You know what’s great about Tolkien inspired dungeon synth? Besides pretty much everything? That the themes and the melodies are relatable to someone who has read or watched Lord of the Rings, someone who has really experienced the world of Middle-Earth. The things we hear in dungeon synth are the musical translations of the words that we, myself very much included, hold so dear. Balrog has been one of the best projects for that sort of “translation” and their album “The Ringwraiths” focuses in on an area of infinite fascination on my part.
I knew that the album was going to be good before I even listened to it. I usually don’t talk a lot about the aesthetics of the album but rather the music. I can make exception in this case. The artwork for The Ringwraiths is what you’d expect: the nine Ringwraiths arrayed as they were in The Lord of the Rings films, hooded and cloaked in black with ancient, evil blades held aloft. Yet there is something more in the image. There is no color, something unusual for a Balrog album cover, and that starkness translates directly into the music. It’s murky and shadowy, the further the Ringwraiths are in the picture, the more shrouded they are in the mists. The Nazgûl were a major point of fascination for me both in the movies and in all the books so having an album devoted to them with artwork that is truly evocative of what they were is perfect.
The music is, too, what one should expect when dealing with the Nazgûl subject material. Balrog displays their knowledge and understanding of them with the music. It’s both grand and noble yet at the same time the music is old, decrepit, and full of dread. It reminds the listener of who the Ringwraiths were before they became what they are now and how they descended into the Shadow. It’s not a sympathy for the devil kind of attitude, more a “this could have happened to you” attitude. The music is a mixture of horror soundtrack and epic fantasy, exactly where the Nazgûl sit in Tolkien’s legerdemain. The sound is both orchestral and minimal in nature, Balrog allows the atmosphere to build with each song so the music doesn’t have to rely on an overproduced sound.
My favorite track in the 21-minute opus has to be the cover of “Knives in the Dark,” which was my favorite track in all of The Lord of the Rings Soundtracks. I’ve heard it done a million different times and none of them have really captured the feelings and emotions the way the original did. There was something in that original track that is just so connected with that scene that, for me, the music is more powerful than the images themselves. The music, the horns and the chanting, took on a life of their own that corresponded more and more to what I had always envisioned in that scene rather than the one I was given (though I certainly loved it in the film). Balrog, using just a synth was able to nearly capture that same spirit and emotion. It didn’t quite reach the same heights as the original but it has certainly come closer than anything else I’ve heard before. I didn’t catch the name of the song at first but as I started hearing themes I intimately recognized I became excited, stopped the track, and started it over so I could listen to the entire thing again with a very clear mind. It’s the highlight of the album for sure.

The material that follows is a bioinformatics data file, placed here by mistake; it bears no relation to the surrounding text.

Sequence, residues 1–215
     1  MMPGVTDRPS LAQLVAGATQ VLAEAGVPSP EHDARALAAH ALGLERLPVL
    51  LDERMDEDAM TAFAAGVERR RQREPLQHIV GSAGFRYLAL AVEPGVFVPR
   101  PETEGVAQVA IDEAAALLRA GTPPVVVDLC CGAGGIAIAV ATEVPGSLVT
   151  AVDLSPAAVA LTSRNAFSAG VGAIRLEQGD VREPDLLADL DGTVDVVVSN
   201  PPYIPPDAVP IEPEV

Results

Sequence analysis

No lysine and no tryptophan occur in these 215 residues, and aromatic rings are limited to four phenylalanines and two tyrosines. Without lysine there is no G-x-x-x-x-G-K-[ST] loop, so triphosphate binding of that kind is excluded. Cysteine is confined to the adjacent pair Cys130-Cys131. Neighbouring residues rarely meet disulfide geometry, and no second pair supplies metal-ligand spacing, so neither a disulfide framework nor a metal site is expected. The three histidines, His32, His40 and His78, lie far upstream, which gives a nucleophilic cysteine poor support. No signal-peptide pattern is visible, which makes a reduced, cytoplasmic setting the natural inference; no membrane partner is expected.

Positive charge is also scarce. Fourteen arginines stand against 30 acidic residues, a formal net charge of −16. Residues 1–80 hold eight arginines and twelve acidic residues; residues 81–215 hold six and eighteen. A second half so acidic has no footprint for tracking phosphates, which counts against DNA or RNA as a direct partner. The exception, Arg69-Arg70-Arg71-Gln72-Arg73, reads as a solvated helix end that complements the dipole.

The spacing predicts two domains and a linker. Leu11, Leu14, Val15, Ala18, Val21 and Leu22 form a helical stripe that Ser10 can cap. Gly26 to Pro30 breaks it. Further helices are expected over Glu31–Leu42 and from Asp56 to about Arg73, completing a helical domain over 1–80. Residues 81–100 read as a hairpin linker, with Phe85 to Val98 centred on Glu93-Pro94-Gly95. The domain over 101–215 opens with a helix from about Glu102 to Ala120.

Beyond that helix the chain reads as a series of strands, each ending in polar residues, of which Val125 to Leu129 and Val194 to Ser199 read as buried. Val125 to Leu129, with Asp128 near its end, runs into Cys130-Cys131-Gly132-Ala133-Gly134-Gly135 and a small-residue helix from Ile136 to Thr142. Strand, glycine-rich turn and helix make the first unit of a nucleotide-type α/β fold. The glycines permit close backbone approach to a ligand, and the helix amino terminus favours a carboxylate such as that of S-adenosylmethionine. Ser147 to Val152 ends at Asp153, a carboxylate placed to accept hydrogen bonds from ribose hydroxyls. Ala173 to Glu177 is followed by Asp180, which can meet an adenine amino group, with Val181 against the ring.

That is not to say that the rest of the album is boring or skippable. Not at all, each song is created in that same spirit. Each song on the album is connected to that music and delves deeper into the themes found in the books. Balrog has perfectly translated all those images I would see when I read the books the first time. The thrill and the terror all mixed together. You cannot ask for a better album than The Ringwraiths when you want something Tolkien inspired. You simply can’t.
Listen and support!